The reaction of Republican-led state governments to this provision suggests that the suspicions of their detractors hit the bullseye. On Tuesday, 21 Republican attorney generals (yes, I know it’s “attorneys general,” I’m spelling it this way out of raw spite) threatened to sue the Biden administration over the rule stipulating they can’t use the funds to cut taxes, and on Wednesday Ohio’s Republican attorney general followed through on those threats.
The charge is that telling states how to use the $350 billion worth of federal funding is “unconstitutional.” It’s plainly not: The federal government imposes rules on how federal funds are to be spent Literally All The Time. But the Republican argument is that because the mandate bars using the $350 billion to cut taxes even indirectly, as in by offsetting the fiscal effects of a tax cut the state would otherwise have not undertaken, it is unconstitutionally broad. What if we had planned to cut taxes soon but hadn’t done it yet? Does that mean we can’t cut taxes at all?
And so on. This means states cannot change tax policies at all, during the period they accept this funding, and therefore it violates the Tenth Amendment ‘n federalism ‘n stuff.
Again, this isn’t strictly true. All a state has to do to both cut taxes and take the federal relief cash is identify, when cutting taxes, where the money will be coming from. If it comes from some other identifiable offset, fine. It just can’t use this as its offset. The only place where the stipulation would foul state government plans is if state Republicans cut taxes while giving no plausible explanation as to how the resulting state budget hole would be filled.
What’s that? They do that all the time? Ah. Well now, there’s our problem.
After campaigning vigorously against providing any money to pandemic-ravaged states at all, calling it a “bailout” of poorly run “Democrat” states, Republican states are now bristling that they can’t use the funds as bailout of their own. Any Republican policy that is not specifically racist (or, these days, fascist), is devoted to cancelling as many government services as possible, using tax cuts to create the budget crises justifying the cuts. It is The Gimmick.
The provision in the pandemic-focused American Rescue Plan threatens to put special focus on the Republican practice of cutting taxes to induce deficits, if only because it temporarily may require those tax cuts to stipulate just how the drafters intend to make up the lost revenue. Since Republican state lawmakers don’t particularly want to explain to their constituents the specifics of just what will next be getting damaged by each tax cut for corporations and the rich, those tradeoffs typically being profoundly unpopular, they are Extremely Peeved here.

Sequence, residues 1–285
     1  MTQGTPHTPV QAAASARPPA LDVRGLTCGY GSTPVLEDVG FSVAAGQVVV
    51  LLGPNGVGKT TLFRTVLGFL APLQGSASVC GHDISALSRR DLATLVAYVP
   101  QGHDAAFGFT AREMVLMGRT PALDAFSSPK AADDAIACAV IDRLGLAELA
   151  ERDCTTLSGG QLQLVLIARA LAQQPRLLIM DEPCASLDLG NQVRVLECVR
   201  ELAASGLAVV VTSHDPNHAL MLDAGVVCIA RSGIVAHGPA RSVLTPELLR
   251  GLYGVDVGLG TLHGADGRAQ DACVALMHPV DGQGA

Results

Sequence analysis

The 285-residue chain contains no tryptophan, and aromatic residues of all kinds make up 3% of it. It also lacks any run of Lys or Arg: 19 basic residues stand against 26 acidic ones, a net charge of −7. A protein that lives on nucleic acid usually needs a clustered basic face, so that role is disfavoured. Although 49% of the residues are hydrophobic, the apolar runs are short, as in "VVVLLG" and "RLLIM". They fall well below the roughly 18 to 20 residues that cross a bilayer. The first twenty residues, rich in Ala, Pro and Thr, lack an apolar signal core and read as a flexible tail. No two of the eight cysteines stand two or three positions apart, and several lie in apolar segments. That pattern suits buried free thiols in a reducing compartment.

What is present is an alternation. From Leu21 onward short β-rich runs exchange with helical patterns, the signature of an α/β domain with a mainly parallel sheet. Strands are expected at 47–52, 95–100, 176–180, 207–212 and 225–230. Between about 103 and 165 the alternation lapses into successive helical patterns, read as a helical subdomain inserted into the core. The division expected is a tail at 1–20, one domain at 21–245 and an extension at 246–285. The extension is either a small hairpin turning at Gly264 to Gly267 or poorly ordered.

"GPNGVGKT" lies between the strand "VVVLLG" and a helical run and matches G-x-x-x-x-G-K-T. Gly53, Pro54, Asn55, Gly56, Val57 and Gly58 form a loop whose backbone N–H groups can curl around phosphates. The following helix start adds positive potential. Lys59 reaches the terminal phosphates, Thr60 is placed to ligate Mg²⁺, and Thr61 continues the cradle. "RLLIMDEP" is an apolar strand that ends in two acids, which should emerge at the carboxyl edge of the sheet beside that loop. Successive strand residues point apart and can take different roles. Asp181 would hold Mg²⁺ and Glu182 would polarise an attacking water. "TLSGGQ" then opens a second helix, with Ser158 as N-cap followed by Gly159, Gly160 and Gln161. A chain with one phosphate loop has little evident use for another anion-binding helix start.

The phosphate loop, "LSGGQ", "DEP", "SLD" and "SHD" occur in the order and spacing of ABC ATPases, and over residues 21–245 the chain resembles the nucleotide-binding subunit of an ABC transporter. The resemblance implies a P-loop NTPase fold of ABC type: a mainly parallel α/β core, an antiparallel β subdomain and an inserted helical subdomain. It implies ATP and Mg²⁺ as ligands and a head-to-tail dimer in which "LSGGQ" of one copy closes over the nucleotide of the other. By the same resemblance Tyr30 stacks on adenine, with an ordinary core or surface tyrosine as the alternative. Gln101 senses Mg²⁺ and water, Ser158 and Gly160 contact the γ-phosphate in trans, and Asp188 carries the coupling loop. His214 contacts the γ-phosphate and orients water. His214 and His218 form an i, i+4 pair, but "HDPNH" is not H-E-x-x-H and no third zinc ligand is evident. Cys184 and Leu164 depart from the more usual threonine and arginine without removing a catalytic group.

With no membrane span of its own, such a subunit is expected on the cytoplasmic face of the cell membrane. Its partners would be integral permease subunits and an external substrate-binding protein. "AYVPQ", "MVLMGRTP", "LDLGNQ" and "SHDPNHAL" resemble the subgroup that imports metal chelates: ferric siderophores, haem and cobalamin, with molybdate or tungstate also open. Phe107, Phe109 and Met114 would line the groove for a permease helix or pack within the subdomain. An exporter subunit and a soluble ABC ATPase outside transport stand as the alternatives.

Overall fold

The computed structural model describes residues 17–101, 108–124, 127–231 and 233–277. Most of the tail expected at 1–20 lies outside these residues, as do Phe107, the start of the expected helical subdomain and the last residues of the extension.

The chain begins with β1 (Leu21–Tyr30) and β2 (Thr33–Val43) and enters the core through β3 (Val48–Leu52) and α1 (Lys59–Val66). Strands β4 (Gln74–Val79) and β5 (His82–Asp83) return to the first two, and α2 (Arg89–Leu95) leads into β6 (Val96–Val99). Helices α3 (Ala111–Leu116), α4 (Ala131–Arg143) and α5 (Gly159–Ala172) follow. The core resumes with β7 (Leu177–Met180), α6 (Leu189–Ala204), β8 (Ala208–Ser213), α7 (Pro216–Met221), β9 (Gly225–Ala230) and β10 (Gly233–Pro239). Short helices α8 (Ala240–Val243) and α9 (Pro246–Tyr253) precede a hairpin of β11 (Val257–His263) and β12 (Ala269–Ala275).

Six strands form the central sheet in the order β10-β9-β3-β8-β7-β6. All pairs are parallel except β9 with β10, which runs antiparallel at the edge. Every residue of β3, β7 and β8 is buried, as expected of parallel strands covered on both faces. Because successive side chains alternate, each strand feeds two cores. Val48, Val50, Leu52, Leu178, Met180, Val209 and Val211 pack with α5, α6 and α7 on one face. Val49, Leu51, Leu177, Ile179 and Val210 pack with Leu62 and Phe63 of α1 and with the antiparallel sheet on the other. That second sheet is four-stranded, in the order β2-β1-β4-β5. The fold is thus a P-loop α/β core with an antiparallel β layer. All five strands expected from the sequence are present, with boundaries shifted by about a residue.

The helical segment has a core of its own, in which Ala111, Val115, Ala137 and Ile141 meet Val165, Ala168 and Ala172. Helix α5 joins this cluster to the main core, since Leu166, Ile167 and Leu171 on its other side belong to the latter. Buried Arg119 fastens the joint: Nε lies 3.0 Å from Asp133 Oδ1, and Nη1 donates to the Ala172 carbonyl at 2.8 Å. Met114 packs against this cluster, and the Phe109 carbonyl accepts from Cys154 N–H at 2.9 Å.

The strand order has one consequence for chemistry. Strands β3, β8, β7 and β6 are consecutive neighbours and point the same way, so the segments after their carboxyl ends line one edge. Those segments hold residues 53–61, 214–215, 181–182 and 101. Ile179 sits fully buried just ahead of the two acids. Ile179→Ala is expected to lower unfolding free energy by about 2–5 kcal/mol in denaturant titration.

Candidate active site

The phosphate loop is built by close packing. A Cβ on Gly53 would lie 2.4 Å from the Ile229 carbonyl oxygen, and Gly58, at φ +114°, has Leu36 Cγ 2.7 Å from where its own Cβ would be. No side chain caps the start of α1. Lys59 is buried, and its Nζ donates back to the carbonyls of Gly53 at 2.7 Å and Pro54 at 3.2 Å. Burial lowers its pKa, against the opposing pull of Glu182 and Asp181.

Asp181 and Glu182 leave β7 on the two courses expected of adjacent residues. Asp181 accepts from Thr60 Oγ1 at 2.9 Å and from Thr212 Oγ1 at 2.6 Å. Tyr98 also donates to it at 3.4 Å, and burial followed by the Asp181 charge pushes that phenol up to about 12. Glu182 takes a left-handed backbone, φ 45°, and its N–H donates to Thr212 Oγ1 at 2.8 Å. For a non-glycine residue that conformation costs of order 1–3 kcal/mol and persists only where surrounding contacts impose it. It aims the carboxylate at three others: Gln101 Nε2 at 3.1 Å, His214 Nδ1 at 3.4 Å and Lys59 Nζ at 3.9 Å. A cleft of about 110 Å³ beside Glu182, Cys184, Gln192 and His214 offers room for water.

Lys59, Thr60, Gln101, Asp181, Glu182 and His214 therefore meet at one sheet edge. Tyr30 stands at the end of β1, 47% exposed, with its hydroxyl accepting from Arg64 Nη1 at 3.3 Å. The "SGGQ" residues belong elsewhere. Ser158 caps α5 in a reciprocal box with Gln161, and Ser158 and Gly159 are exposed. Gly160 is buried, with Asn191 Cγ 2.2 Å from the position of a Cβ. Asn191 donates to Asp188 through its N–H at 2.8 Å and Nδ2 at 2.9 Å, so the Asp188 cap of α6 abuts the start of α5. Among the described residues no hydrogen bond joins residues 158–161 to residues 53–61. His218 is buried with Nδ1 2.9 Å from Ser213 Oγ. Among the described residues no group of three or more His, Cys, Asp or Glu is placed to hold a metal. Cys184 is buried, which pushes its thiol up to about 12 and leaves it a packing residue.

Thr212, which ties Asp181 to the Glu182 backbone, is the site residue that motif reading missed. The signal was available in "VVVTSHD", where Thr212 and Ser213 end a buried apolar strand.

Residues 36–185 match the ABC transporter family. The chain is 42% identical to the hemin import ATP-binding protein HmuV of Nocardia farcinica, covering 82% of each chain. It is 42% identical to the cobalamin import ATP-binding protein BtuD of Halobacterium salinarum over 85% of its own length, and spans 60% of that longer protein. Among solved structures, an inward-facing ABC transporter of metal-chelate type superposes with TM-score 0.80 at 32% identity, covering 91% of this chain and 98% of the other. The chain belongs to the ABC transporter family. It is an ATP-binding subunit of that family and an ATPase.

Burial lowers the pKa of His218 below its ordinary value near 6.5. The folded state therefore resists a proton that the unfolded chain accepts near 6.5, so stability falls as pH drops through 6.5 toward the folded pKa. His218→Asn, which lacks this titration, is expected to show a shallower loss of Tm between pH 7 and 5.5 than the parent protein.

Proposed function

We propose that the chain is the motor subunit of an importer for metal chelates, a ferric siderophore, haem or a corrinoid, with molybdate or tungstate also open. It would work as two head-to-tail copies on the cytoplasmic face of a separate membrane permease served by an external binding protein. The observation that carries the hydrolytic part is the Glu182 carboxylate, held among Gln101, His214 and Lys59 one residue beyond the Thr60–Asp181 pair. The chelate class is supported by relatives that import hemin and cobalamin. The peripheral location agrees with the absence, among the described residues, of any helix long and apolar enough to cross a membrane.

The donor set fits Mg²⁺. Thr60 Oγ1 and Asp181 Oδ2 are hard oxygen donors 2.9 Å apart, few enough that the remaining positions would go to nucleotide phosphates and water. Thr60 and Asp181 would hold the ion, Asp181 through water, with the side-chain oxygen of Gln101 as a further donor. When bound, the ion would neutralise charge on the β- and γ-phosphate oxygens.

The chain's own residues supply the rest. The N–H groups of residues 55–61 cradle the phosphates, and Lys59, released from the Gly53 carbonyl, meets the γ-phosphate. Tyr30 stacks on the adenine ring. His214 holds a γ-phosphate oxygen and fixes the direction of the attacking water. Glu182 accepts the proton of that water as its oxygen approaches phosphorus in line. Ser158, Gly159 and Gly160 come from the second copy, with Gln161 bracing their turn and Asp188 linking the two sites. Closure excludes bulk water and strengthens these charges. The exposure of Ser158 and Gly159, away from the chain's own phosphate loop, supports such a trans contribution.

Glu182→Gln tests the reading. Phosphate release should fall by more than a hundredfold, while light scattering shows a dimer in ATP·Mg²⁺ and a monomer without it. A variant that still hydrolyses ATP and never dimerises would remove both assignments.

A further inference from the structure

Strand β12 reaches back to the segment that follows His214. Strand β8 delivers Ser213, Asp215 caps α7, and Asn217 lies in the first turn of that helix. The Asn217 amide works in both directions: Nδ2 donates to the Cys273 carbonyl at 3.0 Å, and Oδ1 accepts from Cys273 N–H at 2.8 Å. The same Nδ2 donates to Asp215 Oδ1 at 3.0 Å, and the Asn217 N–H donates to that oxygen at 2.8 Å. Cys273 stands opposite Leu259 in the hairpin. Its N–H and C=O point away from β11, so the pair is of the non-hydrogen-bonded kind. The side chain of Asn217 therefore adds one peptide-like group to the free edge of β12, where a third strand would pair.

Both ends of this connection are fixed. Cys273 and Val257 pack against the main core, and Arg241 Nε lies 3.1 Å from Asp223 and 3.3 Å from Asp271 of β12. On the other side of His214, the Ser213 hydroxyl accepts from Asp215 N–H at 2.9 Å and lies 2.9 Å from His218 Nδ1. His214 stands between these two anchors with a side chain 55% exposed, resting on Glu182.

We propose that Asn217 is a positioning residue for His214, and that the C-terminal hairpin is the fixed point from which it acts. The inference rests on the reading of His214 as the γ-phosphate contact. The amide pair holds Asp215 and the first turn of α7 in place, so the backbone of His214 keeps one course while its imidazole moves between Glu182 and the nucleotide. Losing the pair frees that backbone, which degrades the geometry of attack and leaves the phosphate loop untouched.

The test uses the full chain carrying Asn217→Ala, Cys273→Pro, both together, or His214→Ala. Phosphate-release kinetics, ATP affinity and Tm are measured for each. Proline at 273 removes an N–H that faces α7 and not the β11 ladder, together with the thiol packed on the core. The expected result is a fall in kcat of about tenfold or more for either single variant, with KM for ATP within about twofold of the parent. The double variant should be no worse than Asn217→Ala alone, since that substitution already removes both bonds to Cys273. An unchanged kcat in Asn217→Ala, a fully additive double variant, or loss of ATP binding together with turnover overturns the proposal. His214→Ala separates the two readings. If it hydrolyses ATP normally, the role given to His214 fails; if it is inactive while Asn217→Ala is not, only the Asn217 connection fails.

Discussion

Why these Republican states do not instead simply decline the federal funds—after a year of their lawmakers insisting that no such funds are needed and that the pandemic’s severity is merely a hoax—is unclear.
It is possible that Biden administration officials may be able to come to some compromise here, with rules detailed enough to satisfy state leaders that their ability to cut taxes remains intact if that is what they insist on doing and can indeed prove federal pandemic funding wasn’t the means of financing it. The Washington Post notes some examples of reasonable confusion as to what might or might not run afoul of the law, all of which would seem straightforward to sort out.
It’s equally possible, though, that many Republican lawmakers truly did expect to use the pandemic funds as giveaway to important constituents, and are ticked that federal lawmakers foresaw the move and headed it off.
A reasonably likely outcome, then, is that this one gets decided by the newly archconservative Supreme Court. Since that court is essentially nonfunctional, in that the majority decides each case near-solely based on whether allied Republicans will be hurt or helped by any single decision, it is plausible that the majority will decide Republicans are allowed to use federal funds in ways the federal government specifically forbade because screw you, that’s why.
But it should go without saying that Republican “tax cuts” as means of fighting the COVID-19 pandemic is not intended as plausible antiviral policy, any more than it was plausible growth policy or plausible deficit policy. Democratic tax policies keep running circles around Republican ones, when it comes to either providing the most relief or the most economic growth, and it is because the Republican versions remain devoted to an alleged “trickle-down” from rich to poor that has now been tested, ad nauseam, and proven fraudulent.
Indeed, the same Republicans who spat vitriol about the American Rescue Plan during its passage have been lining up to claim credit now that it’s passed and providing actual state rescue. That’s another reason Republican-state lawmakers have no intention of solving their little problem by refusing the provided federal dollars and calling it done: Republicans have already been bragging to constituents that the relief they so angrily opposed is now on the way.